Optimizing Windows 10 for SSDs

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Restoring Data on SSDs

More and more data in companies are stored on SSDs or flash drives. If files are lost, you have to take a different approach when restoring data to SSDs than you would for magnetic disks. Many recovery tools work with normal hard disks as well as with SSDs, but some tools support SSDs better and can recover files more efficiently. The tools not only help restore data on SSDs but also help recover lost data on USB sticks and SD cards.

When you save a Word document to a normal hard disk while editing, Windows always stores the file in the same place. The file grows with time, but it can be found easily by employing additional tools. However, SSDs work differently. The SSD controller stores each version to a different location on the SSD, which naturally complicates the recovery of data.

If a file has been deleted, you first have to find out which version you want to restore – a bit of a problem with frequent saves. The first step to restoring lost data on SSDs is to find the different versions. Only then should you start the restore. Sometimes it might be useful to restore multiple versions, which I'll show you how to do below.

One reason for data loss is that individual memory cells on SSDs and other flash drives can break down and become unreliable over time. If data is stored in compromised areas, it often cannot be restored. If the controller detects such areas, it marks them and, from then on, prevents data from being stored there. You can display such information with SDD management tools.

Therefore, it makes sense to install the vendor management tools on computers with SSDs and to check the SSDs regularly. On SSDs and other storage drives, it's not uncommon for no fewer than 128 storage units to be affected by bad sectors. Even if just one page is defective, the controller marks the entire area as unusable. The remaining 127 pages are basically still readable, but the controller blocks access to them.

Restoring Data

If you store data on SD cards, USB sticks, or SSDs, just one click is all it takes to delete all the files. Even if the confirmation queries in Windows and the recycle bin are deactivated or the recycle bin is full, additional tools need to be used to restore the data.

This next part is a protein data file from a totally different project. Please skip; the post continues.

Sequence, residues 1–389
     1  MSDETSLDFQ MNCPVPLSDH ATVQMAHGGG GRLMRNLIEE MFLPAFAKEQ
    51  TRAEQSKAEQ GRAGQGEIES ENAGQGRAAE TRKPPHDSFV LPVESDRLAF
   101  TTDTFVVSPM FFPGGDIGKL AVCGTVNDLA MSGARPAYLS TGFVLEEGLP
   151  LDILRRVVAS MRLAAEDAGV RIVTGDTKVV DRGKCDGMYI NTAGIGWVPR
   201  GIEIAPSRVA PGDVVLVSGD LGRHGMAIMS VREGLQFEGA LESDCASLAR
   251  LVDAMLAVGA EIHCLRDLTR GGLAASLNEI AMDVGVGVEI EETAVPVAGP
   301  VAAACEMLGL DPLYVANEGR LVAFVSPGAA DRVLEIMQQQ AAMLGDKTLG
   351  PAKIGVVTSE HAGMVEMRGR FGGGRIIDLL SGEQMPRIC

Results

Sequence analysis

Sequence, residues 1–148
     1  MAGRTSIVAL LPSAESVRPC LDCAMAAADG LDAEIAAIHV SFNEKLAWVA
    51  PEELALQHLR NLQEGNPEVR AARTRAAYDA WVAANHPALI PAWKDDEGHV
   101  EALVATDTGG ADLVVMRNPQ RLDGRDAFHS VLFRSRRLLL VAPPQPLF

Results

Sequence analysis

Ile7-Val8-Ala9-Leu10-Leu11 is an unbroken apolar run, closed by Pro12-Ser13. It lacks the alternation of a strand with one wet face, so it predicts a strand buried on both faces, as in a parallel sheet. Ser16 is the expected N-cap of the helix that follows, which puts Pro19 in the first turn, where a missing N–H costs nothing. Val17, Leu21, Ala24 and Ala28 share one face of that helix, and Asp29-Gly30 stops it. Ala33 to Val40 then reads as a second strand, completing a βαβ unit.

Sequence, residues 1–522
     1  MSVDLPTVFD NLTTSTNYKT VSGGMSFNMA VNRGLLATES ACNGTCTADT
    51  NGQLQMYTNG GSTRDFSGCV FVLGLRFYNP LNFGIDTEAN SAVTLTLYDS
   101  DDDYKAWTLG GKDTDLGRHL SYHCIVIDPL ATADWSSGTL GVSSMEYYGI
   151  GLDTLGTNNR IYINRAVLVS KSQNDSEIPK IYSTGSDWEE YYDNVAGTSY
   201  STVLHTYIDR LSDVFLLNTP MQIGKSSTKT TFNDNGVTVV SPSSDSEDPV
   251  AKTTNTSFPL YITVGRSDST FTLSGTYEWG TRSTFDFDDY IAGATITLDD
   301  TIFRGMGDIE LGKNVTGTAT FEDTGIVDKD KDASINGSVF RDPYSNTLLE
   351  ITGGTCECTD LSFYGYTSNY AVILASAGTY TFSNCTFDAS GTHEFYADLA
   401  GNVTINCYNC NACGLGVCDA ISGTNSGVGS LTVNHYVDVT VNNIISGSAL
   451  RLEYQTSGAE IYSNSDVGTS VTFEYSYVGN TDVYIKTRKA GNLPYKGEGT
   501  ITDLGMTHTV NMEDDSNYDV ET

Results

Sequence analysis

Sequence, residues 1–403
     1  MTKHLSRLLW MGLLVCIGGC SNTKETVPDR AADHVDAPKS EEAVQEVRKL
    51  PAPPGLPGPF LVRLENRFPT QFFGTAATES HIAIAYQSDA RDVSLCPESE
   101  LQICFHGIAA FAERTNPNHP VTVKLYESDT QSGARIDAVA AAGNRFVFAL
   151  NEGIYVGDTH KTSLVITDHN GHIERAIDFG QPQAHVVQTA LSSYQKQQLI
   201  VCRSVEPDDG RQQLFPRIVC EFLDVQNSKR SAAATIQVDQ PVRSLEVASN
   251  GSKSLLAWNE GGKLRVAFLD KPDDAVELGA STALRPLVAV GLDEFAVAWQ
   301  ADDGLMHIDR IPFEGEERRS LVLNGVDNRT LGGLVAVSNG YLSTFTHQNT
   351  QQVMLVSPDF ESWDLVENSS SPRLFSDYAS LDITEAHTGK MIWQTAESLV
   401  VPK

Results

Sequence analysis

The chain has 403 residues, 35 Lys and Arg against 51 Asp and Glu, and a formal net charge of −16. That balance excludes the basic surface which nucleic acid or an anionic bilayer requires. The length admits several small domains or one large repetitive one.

Because of TRIM technology, mentioned previously, you have to be careful when restoring. With normal hard disks, files marked as deleted can be overwritten immediately without doing anything to the data in those files. However, SSDs and other flash memory devices do not work this way: The controller truly has to delete existing data that are no longer needed. Controllers normally run these processes if a certain memory area is idle, which means that on SSDs and flash drives, it is possible a deleted file has in fact been completely removed, and not just its entry in the filesystem's allocation table.

The sooner you notice that data is deleted, the easier it will be to restore it. If the deletion process occurred a while ago, restoring can cause significant problems and decrease the chances of being able to recover the file. Another important aspect in this context is booting the computer. During every Windows startup, the operating system overwrites deleted files on SSDs and flash drives. If you want to restore data, you should avoid rebooting.

If you have already shut down the computer, you should not boot the operating system; instead, use a rescue CD or DVD. If you do not have any access to the hard disk at all, the controller itself is usually defective. In this case, additional tools will not help you either. In rare cases, management tools by SSD vendors or experts who specialize in defective hardware (e.g., Kroll Ontrack [5] or Stellar [6]) can help.

If the drives are encrypted and the controller is defective, major problems will arise when restoring the data. Even after "secure deletion" of data using additional tools, the data is often unrecoverable (which is the original purpose) and, if so, then only by specialists.

Recuva Freeware

Recuva [7] is the most popular tool for recovering data on SSDs and flash drives. To begin, install the software on the computer with the deleted data and accept the default options. On launching, Recuva comes up with a wizard that supports data recovery.

The procedure is always the same: First, you select the data you want to recover and where it was stored. Second, you scan the disk for deleted files; however, the tool rarely finds deleted files on SSDs. Therefore, the best thing to do is search the computer once again with a deep scan. Whereas a simple scan takes only a few seconds, a deep scan can take several hours. After scanning, Recuva shows the deleted files it found. You can then restore your desired files.

If neither the normal scan nor the deep scan find all deleted files, you can click Switch to advanced mode and then choose Options . In the Actions tab, you can choose to display hidden files and zero-byte files, as well as securely overwritten files. These options are useful if, for example, you have formatted a drive. You will only find the data again with these options, if at all.

After scanning, Recuva displays the files it found in a preview. If the tool cannot display a preview, the files are often destroyed, and at best, only parts of them can be restored. In addition to the preview, you can display the files as a list. The color of a file indicates its status. Recuva distinguishes between green (easily recoverable), yellow (partially defective), and red (destroyed) data. However, do not rely solely on the colors; a restore test is always useful. To restore files, select them, press the Recover button at bottom right, select the directory for the restored files, and check the files when done.

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